Getting back into the school routine is always tricky, but especially this year. Even a month into the school year, kids may still be feeling excited and nervous all at once. The disruption last year interfered not only with education, but with their relationships and social skills. No wonder they are bubbling with feelings!

The good news is that because of the brain’s “plasticity” we can help our children create new neural pathways allowing them to cope with stress in more positive ways. One way to do this is to regularly practice grateful thinking.

Practicing gratitude works to improve mental health, happiness, and relationships. Neuroscience proves this to be true (and we love brain science!). Research shows that people who regularly practice grateful thinking:

  • Feel better about their lives as a whole
  • Are more optimistic about the future
  • Are more likely to help others
  • Have better relationships
  • Have better sleep, exercise more frequently, and have fewer physical symptoms
  • Feel happier, and are less lonely

How to Get Started

Start by helping your child think of one thing they are grateful for about going back to school. You can paint back-to-school gratitude rocks or read our Grateful Goat story together. Take it a step further and start a gratitude journal, create a gratitude garden, or make a gratitude chain.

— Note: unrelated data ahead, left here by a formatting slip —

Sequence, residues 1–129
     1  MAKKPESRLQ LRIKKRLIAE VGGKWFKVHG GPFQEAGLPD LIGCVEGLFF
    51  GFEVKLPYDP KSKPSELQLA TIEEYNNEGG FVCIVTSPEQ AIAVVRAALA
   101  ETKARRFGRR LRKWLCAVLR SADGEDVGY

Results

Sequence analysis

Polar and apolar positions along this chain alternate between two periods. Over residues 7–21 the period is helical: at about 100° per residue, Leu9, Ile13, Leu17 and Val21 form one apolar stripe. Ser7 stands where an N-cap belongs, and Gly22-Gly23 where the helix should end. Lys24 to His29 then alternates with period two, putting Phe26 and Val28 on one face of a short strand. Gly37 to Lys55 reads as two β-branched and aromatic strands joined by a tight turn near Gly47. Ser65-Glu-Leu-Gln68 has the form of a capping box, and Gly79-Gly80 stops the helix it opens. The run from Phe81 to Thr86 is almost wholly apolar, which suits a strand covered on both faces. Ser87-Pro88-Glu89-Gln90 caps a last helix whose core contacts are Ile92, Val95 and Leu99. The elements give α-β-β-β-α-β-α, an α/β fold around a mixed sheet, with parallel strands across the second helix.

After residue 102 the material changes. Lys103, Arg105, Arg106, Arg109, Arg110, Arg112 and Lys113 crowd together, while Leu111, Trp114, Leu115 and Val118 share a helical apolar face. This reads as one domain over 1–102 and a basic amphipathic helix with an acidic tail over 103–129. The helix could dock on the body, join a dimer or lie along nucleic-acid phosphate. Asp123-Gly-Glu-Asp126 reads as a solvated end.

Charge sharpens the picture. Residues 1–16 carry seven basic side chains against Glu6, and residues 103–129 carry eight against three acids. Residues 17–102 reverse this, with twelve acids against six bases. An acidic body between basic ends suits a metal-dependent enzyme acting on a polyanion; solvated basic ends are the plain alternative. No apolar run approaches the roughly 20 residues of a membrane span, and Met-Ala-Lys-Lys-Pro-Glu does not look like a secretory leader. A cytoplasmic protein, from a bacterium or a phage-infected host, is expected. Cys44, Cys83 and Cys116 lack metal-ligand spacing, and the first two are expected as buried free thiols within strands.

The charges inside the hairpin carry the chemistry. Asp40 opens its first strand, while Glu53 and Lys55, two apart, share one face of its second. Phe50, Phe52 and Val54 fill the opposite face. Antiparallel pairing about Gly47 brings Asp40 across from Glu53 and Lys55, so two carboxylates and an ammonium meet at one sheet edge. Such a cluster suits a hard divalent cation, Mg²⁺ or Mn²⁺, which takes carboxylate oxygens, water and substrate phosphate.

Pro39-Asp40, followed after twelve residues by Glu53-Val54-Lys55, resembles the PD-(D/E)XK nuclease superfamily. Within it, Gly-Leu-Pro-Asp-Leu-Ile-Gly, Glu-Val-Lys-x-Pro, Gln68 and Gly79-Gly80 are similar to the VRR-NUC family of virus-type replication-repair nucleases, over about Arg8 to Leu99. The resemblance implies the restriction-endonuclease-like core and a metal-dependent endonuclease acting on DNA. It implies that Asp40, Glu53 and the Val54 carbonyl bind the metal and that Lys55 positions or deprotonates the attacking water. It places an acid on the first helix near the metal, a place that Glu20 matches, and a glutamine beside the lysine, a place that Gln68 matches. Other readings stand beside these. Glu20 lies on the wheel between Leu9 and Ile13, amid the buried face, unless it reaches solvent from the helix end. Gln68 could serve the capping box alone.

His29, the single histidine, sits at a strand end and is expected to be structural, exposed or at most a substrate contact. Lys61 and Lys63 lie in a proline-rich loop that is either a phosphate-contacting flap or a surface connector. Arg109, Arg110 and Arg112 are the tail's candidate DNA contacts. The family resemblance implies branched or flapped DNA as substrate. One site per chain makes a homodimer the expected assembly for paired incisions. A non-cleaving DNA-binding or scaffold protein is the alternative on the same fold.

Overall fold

Some of our favorite books on this topic include: When Grandma Gives You a Lemon TreeZen PigThe Thankful Book, and Have You Filled a Bucket Today?

Let Us Know How It’s Going

If you start a gratitude practice at home, please drop us a line!

We want to hear how it impacts your family as you get back into the school routine.

About the Author

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Amanda Petersen

Amanda is the Executive Director of FocusedKids. As a licensed professional counselor, parent, and former teacher, she has a wealth of experience and knowledge that she is able to rely on in guiding the organization.